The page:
Casa Grande Ruins is the first archeological site to be preserved by the federal government and the fifth oldest unit in the National Park Service. Set aside as a federal land reserve in 1892 and then as a National Monument in 1918, Casa Grande Ruins is a very special place, a place where history transcends 600 years of continuous occupation.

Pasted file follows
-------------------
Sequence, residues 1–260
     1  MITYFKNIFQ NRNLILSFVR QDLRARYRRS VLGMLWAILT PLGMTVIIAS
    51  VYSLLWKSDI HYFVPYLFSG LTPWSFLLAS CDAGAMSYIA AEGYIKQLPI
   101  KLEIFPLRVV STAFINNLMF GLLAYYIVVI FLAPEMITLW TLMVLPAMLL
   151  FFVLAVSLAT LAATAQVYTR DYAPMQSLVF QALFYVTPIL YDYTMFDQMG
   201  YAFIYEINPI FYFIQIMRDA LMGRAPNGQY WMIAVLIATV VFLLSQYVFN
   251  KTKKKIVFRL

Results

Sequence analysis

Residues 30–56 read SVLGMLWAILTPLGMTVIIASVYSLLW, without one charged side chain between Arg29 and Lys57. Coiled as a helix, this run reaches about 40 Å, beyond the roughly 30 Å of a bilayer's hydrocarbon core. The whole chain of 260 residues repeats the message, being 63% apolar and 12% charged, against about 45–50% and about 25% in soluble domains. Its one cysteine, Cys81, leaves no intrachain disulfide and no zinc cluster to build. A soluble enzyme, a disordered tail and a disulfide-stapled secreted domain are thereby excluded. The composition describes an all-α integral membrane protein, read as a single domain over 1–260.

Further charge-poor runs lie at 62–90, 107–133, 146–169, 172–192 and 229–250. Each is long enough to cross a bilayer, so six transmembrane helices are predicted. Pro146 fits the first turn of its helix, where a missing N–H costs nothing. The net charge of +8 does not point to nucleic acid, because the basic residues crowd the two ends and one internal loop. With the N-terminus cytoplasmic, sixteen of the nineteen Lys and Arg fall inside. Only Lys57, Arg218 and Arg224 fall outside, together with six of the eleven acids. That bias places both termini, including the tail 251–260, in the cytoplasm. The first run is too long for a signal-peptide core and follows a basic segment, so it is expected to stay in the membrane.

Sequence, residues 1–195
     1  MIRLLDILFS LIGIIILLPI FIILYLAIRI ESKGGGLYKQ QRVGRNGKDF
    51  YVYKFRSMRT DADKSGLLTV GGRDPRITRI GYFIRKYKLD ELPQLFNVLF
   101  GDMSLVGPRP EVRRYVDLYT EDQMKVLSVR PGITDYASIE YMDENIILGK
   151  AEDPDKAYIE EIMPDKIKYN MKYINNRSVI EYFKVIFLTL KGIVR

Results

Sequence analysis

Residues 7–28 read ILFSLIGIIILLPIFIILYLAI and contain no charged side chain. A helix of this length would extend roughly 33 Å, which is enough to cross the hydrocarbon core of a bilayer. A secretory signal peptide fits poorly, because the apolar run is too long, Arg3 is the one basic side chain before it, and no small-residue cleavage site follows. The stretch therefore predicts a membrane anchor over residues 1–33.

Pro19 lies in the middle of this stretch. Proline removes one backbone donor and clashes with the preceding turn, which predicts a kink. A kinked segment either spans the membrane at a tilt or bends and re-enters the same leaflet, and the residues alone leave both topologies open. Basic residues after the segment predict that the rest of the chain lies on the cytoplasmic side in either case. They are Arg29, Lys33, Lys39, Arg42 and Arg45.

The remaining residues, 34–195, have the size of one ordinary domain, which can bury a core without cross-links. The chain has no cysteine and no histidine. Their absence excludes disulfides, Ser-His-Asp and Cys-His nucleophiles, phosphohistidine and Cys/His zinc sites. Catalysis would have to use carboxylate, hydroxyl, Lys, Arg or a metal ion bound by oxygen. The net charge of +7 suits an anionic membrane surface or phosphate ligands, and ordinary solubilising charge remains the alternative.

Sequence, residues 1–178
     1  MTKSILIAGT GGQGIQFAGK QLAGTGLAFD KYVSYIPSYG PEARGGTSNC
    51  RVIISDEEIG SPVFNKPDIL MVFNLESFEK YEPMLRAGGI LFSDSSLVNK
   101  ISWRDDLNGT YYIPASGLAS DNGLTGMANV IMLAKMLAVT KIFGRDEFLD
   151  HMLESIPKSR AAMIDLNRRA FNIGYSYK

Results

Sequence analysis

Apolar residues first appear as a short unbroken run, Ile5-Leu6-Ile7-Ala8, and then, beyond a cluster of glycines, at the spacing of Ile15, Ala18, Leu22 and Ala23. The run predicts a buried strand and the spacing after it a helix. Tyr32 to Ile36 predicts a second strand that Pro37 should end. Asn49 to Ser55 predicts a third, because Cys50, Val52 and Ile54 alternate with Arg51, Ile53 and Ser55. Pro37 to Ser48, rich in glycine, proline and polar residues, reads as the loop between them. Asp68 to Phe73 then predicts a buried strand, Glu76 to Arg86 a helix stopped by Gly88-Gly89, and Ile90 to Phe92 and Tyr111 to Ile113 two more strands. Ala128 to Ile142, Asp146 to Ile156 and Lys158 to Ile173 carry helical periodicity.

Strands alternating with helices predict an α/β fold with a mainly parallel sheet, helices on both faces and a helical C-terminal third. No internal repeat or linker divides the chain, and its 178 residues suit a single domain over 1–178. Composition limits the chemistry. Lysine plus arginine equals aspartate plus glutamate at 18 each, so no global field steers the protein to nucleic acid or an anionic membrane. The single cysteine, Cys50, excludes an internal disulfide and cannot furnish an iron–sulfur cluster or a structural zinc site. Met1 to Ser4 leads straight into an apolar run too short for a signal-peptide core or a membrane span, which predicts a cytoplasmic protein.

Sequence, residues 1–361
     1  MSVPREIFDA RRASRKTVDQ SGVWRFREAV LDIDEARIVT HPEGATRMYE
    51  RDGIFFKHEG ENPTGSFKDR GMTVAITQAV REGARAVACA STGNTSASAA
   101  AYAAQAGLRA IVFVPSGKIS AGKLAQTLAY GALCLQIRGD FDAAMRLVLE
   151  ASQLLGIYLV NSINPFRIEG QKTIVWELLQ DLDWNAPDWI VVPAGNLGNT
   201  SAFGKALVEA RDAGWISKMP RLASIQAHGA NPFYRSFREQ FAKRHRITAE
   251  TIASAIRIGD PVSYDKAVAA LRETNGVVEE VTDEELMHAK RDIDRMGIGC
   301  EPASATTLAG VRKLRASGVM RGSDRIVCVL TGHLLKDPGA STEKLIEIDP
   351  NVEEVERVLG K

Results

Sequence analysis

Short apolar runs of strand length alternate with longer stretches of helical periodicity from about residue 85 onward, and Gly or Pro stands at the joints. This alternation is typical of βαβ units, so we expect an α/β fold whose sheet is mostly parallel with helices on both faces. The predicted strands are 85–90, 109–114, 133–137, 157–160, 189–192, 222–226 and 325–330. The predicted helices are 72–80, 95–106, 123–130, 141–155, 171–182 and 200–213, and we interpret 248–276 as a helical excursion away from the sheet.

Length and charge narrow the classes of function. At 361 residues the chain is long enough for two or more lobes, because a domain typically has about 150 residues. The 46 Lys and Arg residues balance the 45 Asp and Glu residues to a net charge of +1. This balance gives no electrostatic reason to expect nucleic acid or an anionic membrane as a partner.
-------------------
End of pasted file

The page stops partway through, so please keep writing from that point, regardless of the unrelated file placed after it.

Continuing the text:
Archeologists have discovered evidence of wide-scale irrigation farming and trade which lasted over a thousand years and ended about 1450. Today the ancient ones are remembered as the Hohokam, an O'odham word meaning "Those Who Are Gone." The Hohokam abandoned the Casa Grande area around 1450 C.E., leaving no written language behind. Historic accounts of the Casa Grande begin with the journal entries of Padre Eusebio Francisco Kino when he visited the ruins in 1694. In his description of the large ancient structure before him, he wrote the words “casa grande” (or “great house”) which are still used today. More became known about the ruins with the later visits of Lt. Col. Juan Bautista de Anza’s expedition in 1776 and Brig. Gen. Stephen Watts Kearny’s military detachment in 1846.